Mayoral front-runner Fernando Ferrer's stumble on whether the killing of Amadou Diallo was a crime came back to haunt him yet again last night at a forum with the other three Democratic candidates on the Upper East Side.
A panelist at the Hunter College gathering asked all the candidates - the former Bronx borough president, Mr. Ferrer; the Manhattan borough president, C. Virginia Fields; the City Council speaker, Gifford Miller, and a Brooklyn-Queens congressman, Anthony Weiner - whether the 1999 killing of an unarmed West African immigrant at the hands of police was a crime, and how they would have handled the situation as mayor.
The mere mention of the killing, in which four police officers fired 41 shots at Diallo, mistakenly thinking he was reaching for a gun, sent murmurs through the audience. The Diallo killing has become a thorn in Mr. Ferrer's side ever since he told a gathering of policemen March 15 that the killing was not a crime, and that a fervor in the city at the time had inspired the Bronx district attorney to "over-indict" the officers involved. In 1999, Mr. Ferrer had gone to jail to protest the shooting. After a change of venue, an upstate jury eventually acquitted the officers of any criminal culpability.
"Regardless of the verdict of the jury, the killing of Amadou Diallo was wrong, by any standard," Mr. Ferrer told the audience last night. "It was a product and result of divisive policies set forward and set in motion and articulated by the mayor" - Rudolph Giuliani was mayor at the time - "that you can't have effective policing without racial profiling. I think that is wrong. If I were mayor those policies would not have been put into place in the first instance. Parenthetically, after the jury verdict, I would have instructed the police commissioner to conduct a departmental trial, and I would have further instructed the police commissioner to fire those four officers."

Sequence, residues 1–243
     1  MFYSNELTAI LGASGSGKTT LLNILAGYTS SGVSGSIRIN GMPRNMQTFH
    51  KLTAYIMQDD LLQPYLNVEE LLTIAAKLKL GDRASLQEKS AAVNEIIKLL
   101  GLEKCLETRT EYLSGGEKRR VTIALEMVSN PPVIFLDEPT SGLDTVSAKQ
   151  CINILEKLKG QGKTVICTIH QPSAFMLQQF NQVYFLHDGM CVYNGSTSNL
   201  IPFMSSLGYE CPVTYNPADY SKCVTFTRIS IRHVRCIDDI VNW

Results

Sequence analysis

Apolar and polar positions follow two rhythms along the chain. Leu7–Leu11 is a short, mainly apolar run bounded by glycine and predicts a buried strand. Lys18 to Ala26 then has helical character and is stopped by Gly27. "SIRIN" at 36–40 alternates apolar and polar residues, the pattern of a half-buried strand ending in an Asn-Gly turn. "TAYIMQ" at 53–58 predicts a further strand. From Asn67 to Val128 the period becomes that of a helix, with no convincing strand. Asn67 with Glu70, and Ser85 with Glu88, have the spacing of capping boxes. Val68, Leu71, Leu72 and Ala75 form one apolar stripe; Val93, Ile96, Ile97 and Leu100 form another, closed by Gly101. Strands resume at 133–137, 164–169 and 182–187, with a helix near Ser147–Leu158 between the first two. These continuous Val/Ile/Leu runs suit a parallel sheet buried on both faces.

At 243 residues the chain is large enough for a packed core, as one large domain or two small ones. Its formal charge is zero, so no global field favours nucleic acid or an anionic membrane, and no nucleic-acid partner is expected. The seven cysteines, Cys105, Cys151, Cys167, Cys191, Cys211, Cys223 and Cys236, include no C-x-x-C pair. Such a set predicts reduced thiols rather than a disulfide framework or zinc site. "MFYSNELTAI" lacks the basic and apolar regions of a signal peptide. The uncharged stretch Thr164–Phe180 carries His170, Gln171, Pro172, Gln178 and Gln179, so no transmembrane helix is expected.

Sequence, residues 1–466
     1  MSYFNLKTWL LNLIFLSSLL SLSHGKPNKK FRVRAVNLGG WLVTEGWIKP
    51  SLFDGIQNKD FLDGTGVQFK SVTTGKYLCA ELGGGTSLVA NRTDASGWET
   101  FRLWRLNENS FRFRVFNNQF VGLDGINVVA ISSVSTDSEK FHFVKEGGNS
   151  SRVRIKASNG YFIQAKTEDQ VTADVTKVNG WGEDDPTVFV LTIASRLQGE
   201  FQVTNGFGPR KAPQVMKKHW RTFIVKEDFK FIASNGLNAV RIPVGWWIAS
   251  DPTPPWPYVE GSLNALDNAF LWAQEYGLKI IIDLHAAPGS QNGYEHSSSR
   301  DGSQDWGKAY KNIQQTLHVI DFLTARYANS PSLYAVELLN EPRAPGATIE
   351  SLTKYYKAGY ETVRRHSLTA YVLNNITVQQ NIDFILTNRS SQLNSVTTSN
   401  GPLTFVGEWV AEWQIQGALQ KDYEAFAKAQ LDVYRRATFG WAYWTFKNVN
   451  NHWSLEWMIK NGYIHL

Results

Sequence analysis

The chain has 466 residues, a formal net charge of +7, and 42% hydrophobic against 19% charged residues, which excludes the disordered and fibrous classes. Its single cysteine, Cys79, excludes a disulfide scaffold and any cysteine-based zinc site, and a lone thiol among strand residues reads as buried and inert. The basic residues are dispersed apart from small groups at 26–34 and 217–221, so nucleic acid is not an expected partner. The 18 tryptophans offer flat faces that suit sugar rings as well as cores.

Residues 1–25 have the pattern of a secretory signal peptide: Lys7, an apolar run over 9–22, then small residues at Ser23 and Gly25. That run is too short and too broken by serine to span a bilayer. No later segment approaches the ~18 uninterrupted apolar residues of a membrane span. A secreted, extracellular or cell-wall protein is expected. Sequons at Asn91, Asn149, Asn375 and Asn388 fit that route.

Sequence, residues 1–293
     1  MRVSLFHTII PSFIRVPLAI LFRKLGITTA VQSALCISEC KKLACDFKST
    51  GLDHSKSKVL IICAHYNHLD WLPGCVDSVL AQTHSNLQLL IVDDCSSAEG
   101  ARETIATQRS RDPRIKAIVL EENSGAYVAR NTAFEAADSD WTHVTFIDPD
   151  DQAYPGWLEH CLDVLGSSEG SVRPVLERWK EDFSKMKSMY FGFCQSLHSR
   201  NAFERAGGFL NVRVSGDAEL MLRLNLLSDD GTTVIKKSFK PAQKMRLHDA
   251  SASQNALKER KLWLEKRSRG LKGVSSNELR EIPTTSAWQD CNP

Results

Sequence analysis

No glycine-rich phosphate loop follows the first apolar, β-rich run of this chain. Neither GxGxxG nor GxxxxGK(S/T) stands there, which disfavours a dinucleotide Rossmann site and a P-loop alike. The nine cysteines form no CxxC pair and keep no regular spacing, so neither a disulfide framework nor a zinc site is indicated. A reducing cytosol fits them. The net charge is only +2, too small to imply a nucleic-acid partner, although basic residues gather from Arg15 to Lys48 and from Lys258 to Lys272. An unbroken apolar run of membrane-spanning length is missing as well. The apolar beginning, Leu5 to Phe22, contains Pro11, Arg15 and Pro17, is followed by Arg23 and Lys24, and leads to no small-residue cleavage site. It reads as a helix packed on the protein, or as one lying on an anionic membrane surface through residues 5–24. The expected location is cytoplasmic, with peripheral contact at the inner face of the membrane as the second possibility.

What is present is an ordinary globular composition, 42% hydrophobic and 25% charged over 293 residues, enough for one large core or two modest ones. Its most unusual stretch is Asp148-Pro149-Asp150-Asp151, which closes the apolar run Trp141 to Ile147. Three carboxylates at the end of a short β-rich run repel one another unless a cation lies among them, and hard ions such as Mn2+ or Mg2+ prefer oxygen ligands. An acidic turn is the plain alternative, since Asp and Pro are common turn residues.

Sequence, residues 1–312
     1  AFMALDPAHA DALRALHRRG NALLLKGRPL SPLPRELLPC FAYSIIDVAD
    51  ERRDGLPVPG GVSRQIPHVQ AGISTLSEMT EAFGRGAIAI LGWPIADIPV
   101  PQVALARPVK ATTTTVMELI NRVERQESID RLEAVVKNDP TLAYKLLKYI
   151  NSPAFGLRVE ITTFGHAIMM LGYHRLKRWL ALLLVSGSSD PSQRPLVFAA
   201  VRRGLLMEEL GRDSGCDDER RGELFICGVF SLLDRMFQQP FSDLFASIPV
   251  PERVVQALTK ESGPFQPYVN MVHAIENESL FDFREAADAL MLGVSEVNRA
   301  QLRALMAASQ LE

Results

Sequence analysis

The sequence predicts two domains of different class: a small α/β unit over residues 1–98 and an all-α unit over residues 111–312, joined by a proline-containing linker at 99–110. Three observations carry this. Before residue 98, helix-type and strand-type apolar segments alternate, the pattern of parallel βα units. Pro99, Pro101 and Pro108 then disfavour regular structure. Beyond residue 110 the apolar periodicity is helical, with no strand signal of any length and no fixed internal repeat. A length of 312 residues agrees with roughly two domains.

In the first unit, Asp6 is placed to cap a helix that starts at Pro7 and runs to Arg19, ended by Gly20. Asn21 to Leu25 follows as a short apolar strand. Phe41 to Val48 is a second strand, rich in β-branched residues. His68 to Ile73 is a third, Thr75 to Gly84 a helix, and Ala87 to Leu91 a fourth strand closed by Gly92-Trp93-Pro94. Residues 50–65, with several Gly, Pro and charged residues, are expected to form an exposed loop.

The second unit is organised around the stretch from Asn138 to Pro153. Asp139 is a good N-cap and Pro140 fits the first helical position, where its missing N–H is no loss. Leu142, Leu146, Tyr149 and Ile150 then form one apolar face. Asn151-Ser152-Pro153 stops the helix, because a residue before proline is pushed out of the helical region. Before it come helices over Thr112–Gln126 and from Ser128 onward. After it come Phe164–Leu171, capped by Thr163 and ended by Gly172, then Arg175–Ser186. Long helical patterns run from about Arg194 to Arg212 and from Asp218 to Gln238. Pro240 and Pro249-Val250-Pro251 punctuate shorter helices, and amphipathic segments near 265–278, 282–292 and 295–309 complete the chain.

While the answer won Mr. Ferrer some scattered applause, he is still doing damage control. His initial comments, which were widely portrayed as a flip-flop, appear to have driven down his approval ratings among black voters. Then, this week, the Reverend Alford Sharpton, who said he had been inclined to support Mr. Ferrer as he had done in 2001, announced that he would not offer Mr. Ferrer his endorsement because of the recent Diallo remarks. The Ferrer campaign had been hoping for Rev. Sharpton's support to help build a black and Hispanic coalition to win the Democratic nomination.
The three people challenging Mr. Ferrer for the Democratic nomination have lost no time suggesting Mr. Ferrer had been insensitive.
"I have stated this was a crime," Ms. Fields, who has called on Mr. Ferrer to apologize for his earlier remarks, said last night. "I would take every opportunity to reinforce to the city that this will not go unchecked. It will not be drawn out, and I as the mayor would encourage fast action."
Mr. Miller, for his part, said: "Anytime an innocent man is shot 41 times, it is a crime against humanity. That incident was a failure of leadership. I would hope it would never happen if I were mayor. If it did happen, I would take responsibility for my police department creating such a horrendous tragedy and order a complete review of every single policy."
Mr. Weiner, for his part, complained that there was a time constraint in the candidates' discussion of "the tragedy of his loss."